What's Everyone Going to Think?
Do you worry about what other people will think of you? Does that impact your actions?
It did for me!
On one hand, I didn't want to alienate my drinking “buddies”, so I didn't want to admit I was worried about my drinking. I knew they would minimize my problem and I didn't want to make them feel uncomfortable around me (as if I have that power).
On the other hand, I didn't want to admit my problem to my real friends, the friends who have always had my back, because I knew they would encourage me to quit, and I wasn't quite ready for that yet, either.
Here's what I've learned since I got sober – it doesn't matter one damn bit what anyone thinks.
“What you think of me is none of my business”
It's true and whie it took me a while to embrace this sentiment, I'm there now. Maybe it has something to do with my age. I believe I've found my voice and my true purpose.
What do you think of you?
If you're drinking is causing you worry on top of the hideous hangovers and the nagging regrets, please know that you're not alone. You are not alone in your abusive relationship with alcohol (lots of people on that ship with you), and you're not alone if you want to do something about it – lots of us on the Good Ship Recovery, too. It also doesn't mean you should feel ashamed, either. You are not “less than” or a loser because your body reacts to alcohol the way it does.
What can you do today to take care of yourself?
- Feel proud of yourself. If you are even considering the idea of quitting drinking, you should be proud of yourself. That desire comes from an inner wisdom that we all have, but most of us either ignore, or silence with the help of alcohol. We live in an alcohol centered culture, and it is killing us. To go against the popular culture and have a deep knowing that alcohol is holding you back from a better way of life is an act of courage. I hope you are aware that you are stronger and braver than you give yourself credit for.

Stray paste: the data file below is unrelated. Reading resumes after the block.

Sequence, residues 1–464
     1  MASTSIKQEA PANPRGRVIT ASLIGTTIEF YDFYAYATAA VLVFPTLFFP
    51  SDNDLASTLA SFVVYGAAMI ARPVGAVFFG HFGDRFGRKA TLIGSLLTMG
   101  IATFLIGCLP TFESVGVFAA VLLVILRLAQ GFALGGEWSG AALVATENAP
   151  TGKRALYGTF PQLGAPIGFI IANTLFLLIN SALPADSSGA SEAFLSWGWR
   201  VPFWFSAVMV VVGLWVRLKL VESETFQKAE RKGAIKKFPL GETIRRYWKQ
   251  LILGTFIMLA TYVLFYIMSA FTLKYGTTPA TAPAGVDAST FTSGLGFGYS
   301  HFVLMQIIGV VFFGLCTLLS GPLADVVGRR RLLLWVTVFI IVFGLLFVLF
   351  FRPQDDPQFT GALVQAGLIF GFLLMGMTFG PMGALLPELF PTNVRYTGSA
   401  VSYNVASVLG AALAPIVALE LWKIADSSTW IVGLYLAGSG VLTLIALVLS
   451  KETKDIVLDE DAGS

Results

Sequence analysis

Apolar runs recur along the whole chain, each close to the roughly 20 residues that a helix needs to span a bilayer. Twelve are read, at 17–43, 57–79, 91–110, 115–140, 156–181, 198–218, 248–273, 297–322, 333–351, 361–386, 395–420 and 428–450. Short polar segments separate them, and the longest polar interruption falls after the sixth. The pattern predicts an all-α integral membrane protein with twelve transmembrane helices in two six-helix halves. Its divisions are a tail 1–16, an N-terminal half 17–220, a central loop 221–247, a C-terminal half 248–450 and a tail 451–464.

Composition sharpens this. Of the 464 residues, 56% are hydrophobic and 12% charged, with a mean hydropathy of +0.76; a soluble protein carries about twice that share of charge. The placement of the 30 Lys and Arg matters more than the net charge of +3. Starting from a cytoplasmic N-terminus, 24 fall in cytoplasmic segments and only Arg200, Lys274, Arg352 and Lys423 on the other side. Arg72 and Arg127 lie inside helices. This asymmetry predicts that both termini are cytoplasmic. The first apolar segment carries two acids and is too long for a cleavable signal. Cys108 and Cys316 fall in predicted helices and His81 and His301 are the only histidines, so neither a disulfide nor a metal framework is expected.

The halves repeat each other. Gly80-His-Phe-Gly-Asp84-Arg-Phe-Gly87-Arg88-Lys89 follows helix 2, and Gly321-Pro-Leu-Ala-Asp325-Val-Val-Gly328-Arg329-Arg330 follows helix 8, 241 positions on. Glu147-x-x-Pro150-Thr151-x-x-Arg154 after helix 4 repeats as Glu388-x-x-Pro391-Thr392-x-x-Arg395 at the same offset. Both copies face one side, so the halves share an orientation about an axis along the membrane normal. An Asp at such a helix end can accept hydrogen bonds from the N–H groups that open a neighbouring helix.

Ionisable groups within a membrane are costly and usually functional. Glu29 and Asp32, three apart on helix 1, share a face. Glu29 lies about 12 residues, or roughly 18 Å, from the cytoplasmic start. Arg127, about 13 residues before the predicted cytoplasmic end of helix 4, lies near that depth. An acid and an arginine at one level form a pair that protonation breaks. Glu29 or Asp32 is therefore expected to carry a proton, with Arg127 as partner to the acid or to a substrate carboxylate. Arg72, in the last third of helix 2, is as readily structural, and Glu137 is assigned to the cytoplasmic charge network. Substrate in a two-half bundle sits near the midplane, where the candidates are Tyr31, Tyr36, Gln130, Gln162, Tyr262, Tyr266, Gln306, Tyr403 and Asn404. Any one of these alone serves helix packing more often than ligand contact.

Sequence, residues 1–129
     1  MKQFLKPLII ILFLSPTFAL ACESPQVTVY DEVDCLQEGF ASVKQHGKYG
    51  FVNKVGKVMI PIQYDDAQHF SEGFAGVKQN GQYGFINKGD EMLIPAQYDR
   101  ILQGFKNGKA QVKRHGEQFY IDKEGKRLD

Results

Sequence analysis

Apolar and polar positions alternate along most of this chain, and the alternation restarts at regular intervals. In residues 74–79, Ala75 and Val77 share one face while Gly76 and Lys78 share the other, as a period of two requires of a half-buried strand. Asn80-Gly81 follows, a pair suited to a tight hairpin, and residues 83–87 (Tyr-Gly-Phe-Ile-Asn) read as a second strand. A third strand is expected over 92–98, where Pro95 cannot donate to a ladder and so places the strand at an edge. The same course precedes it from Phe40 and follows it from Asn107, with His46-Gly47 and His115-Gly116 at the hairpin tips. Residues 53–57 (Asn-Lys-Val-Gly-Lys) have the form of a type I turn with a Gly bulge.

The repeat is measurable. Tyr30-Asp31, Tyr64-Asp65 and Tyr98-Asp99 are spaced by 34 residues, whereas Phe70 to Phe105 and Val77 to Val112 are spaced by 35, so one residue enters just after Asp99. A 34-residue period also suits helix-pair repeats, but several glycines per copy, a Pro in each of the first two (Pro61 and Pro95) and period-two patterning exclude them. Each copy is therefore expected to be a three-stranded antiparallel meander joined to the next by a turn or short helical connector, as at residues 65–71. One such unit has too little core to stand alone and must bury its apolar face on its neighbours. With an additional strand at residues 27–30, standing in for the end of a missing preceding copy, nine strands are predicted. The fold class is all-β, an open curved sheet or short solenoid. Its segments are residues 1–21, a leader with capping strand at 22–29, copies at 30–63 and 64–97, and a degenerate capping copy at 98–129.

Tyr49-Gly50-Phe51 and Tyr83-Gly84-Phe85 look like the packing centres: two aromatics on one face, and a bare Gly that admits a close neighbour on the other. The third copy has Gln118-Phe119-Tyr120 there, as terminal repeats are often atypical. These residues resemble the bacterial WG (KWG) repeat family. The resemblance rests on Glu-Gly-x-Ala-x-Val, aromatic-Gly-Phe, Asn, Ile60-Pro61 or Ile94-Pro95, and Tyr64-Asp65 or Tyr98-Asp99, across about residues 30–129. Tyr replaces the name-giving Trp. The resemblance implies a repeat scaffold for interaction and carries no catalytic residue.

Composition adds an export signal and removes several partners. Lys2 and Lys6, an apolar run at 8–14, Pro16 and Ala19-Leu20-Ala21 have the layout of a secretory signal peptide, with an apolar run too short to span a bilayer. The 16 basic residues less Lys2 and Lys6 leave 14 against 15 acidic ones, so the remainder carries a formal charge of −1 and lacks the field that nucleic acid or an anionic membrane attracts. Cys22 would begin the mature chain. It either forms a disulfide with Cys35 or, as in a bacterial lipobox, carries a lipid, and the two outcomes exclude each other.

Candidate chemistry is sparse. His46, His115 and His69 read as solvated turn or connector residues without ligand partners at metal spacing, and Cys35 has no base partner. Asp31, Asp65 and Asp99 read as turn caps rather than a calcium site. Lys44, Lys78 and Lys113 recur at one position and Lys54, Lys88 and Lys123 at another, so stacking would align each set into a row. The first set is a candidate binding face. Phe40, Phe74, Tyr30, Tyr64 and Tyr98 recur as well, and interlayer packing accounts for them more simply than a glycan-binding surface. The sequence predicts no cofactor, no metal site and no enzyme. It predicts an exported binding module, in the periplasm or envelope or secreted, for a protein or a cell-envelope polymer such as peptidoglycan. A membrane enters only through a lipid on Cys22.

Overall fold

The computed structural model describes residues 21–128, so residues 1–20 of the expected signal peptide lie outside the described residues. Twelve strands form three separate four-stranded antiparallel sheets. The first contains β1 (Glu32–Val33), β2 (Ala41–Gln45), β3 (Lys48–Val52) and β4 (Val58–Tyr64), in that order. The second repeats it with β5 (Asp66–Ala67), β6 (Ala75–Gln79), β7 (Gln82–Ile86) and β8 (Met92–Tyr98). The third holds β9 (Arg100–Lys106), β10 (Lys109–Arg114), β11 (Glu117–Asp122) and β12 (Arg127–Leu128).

- Treat yourself like you would treat your best friend. Be nice to yourself.
- Give yourself a (self-compassion) break
- Practice mindfulness – understand that everyone makes mistakes
- Be gentle – focus on what you can learn from your mistakes
- Be honest – evaluate yourself with honesty
- Change your critical self-talk
- Notice the words, tone, etc. Would you talk to your best friend that way?
- This is your Inner Lizard talking, and you can gently tell her to rest easy, you’ve got this handled.
“When we give ourselves compassion,we are opening our hears in a way that can transform our lives.”
~ Kristen Neff
My name is Nancy McKay – Author, Speaker and Certified Life Coach. I help women who are worried about their drinking. Over-drinking is a symptom of a bigger issue. I have been sober since March 14, 2009 and I've been where you are. I found my courage and strength and I guide my clients to discover theirs, too.
Interested to find out if coaching is right for you?
If you’re looking for a coach that will inspire, motivate and empower you AND that knows how you feel – we should talk. Helping women make a shift in their thinking and in their lives thrills me to pieces and drives everything I do.
Here's what one of my client's had to say:
“Nancy provided coaching during a challenging time in my life. She listened and shared insight to help me gain perspective. Working with Nancy was amazing! I will be forever grateful.”
Your Life. Your Choice.
I’m here for you when you’re ready…
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